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About libdvdnav and xine

Don’t worry all you people, I wasn’t killed in a bus accident yet; you are lucky, I actually go out quite rarely so I don’t suffer from this kind of problems very often, the worst that can happen would be a health problem, but I’m lucky enough to feel decently well at the moment 🙂 Of course there is too much heat for my liking and I start to feel how annoying it is at this temperature, especially staying in my home office with two/three boxes online.

Anyway, as I promised, I started looking at the fork of libdvdnav lead by Nico, to import a newer version of libdvdnav in xine, and cleaning up the patches applied.

Unfortunately it wasn’t exactly straightforward to update the libdvdnav version; beside my will to move the sources into the contrib/ subdirectory as I already did for libmpcdec and ffmpeg, Nico started to replace autotools with a build system alike to FFmpeg’s (which is quite fine by me, as I can integrate it nicely enough into xine-lib), so I had to make sure that the build system was up to a minimum support for the features I needed. The main showstopper was the lack of a way to build in a directory different from the original sources directory, but that was quite easy to handle.

But luckily working with Nico is quite enjoyable 🙂 All the patch I’ve sent for inclusion up to tonight (so excluding the one I sent less than an hour ago) were accepted and committed to the Subversion repository, which means that the build system is usable from xine-lib’s custom base system, that the compiler flags we inject are respected, that the library builds with -Werror-implicit-declarations (the change was needed to libdvdread, Nico took care of sending it up there).

Tonight I rebuilt xine-lib-1.2 with the new libdvdnav, and it’s working nicely. I suppose the reason why external libdvdnav is not working on seeking is that the code was present in cvs (for’s dvd project) but not released yet. I should probably also add support for .pc files for libdvdnav and then use those to check for its presence, so to require at least a new enough version that doesn’t have seeking problems, but that is not a priority until a release is done.

There is only one problem that has to be considered: the libdvdnav copy in xine-lib is patched with a patch from Bastien Nocera (Totem’s author) which is used to play invalid DVDs (non-encrypted ISO filesystem DVDs; proper DVDs have UDF as file system). That patch as it is won’t be accepted by libdvdnav authors, and sincerely I wouldn’t have accepted it for xine-lib either.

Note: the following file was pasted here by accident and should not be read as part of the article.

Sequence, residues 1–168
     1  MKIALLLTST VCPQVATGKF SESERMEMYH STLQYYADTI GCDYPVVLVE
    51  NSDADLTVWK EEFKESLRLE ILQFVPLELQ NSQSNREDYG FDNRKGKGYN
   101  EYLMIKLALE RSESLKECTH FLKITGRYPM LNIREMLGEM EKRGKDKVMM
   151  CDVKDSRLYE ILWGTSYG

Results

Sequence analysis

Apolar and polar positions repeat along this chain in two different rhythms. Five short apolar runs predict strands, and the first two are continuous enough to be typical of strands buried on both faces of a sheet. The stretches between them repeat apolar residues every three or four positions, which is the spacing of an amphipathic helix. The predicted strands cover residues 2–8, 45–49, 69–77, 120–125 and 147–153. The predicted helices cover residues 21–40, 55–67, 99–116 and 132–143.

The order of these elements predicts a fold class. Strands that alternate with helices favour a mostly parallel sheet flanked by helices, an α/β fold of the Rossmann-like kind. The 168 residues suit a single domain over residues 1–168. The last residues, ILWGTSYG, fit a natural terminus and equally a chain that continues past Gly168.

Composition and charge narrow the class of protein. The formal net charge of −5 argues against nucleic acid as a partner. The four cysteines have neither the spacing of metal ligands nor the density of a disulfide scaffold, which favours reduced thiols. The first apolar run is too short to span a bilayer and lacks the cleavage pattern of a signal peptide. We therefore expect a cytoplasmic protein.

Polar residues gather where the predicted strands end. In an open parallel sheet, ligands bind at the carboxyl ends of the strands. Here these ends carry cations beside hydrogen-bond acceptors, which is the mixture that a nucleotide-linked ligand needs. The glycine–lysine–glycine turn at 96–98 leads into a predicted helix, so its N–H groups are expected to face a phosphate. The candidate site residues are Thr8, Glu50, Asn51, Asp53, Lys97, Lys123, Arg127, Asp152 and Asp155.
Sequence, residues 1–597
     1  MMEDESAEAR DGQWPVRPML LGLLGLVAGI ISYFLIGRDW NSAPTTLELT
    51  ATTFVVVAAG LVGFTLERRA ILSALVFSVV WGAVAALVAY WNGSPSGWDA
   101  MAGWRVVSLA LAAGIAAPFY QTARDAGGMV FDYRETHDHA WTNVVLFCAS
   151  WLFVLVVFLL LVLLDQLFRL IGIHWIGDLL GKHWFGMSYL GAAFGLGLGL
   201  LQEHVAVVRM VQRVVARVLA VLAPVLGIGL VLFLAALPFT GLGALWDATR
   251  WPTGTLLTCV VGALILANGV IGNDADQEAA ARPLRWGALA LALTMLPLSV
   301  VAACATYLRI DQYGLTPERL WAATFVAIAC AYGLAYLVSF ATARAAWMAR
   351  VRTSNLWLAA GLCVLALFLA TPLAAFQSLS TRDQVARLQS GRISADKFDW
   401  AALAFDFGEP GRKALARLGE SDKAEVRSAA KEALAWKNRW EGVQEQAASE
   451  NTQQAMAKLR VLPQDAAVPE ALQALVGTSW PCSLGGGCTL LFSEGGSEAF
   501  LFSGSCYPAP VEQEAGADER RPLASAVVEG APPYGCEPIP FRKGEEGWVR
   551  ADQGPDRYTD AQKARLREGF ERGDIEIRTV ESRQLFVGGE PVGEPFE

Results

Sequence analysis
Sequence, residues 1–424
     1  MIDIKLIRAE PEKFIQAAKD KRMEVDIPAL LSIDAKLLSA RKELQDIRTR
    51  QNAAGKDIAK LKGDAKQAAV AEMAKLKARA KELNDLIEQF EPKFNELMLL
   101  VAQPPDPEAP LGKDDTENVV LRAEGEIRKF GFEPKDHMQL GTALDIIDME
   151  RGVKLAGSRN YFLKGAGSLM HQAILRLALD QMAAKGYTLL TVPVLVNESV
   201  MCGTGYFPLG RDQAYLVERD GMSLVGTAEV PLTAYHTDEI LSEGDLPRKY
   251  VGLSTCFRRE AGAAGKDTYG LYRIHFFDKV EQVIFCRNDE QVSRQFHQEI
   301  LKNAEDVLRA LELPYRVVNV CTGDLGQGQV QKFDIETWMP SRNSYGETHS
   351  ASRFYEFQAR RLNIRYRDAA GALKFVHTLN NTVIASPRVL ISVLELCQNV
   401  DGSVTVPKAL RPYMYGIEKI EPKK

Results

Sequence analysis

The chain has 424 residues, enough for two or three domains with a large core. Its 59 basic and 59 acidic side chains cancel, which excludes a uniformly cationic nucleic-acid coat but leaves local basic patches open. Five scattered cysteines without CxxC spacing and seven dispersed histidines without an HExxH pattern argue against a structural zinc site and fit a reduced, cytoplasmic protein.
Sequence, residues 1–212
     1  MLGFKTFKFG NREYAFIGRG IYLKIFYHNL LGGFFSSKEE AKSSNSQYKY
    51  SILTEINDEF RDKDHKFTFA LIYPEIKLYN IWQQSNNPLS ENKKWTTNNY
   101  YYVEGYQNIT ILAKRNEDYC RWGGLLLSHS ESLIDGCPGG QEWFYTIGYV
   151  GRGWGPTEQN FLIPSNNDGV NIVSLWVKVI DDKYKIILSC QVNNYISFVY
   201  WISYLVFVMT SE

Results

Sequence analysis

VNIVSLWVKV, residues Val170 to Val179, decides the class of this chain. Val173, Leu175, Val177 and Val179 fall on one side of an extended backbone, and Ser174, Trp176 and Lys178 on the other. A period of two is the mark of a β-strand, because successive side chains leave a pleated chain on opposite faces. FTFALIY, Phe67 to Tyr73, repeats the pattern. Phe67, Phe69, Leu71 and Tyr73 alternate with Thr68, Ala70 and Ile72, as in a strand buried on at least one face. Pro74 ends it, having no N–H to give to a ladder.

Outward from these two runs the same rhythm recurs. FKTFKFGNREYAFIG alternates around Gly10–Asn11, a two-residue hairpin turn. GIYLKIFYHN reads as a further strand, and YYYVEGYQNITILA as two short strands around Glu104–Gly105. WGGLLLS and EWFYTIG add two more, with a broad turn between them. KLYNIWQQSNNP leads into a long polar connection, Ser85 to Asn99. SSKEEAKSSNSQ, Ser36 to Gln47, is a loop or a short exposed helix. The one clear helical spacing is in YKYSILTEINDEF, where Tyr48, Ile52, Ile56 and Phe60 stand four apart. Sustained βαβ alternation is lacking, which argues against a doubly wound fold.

Why this? Well, the patch takes an opaque type, and makes it transparent, copying out of libdvdcss the structure definition. This is fine as long as the structure is not changed on libdvdcss, but the reason why a type is opaque, is just so that you don’t have to put its definition in the ABI, so you can change it without having to deal with software crashing because it was compiled against the previous definition. This patch breaks this assumption with xine, so it’s bad from a good practices point of view.

I’m not sure myself how much sense does it make to use such a stupid solution (sorry Bastien, but re-declaring an opaque type is a stupid solution) to consider invalid media. A better solution would be to always use the files if they are found, rather than using UDF access, with fallback to raw UDF instead. This should work, but I need first some media to test with, and then I have to understand libdvdnav code.

Anyway, the build framework changes are now committed to the xine-lib-1.2-newdvdnav branch, the “only” thing missing there is the libdvdnav code itself; the reason for this is that up to tonight I was still working with patched sources, not with upstream sources, and I wanted to avoid recommitting everything every time. I will probably wait as much as I can before committing the sources themselves, with this “as much as I can” representing ideally the time till I get to have committed to libdvdnav all the changes that make sense for xine-lib (revised Bastien’s patch, and the file descriptor leak patch).

I also want to thank Nico for the work being done toward adding an option to use external libdvdread in libdvdnav, which will certainly help Gentoo and other distributions: you wouldn’t have to duplicate the code between libdvdnav and libdvdread; you’d have one more dependency in the libdvdnav library, but that shouldn’t be much overhead.

And I want to say it officially: there is a lot of code in xine-lib that scares the hell out of me, and I would like to see it killed before it propagates too much; unfortunately overhauling all of it is difficult alone, especially since I might end up having repercussions that I don’t see (like the CDDA failure that didn’t fail for me when I tested – I was using by-extension detection in Amarok – and the DVD failure that still I was unable to reproduce till at least since Darren fixed it).

I start hating spending my time on xine, I hope to be able to continue working on it till it’s enjoyable to do so.

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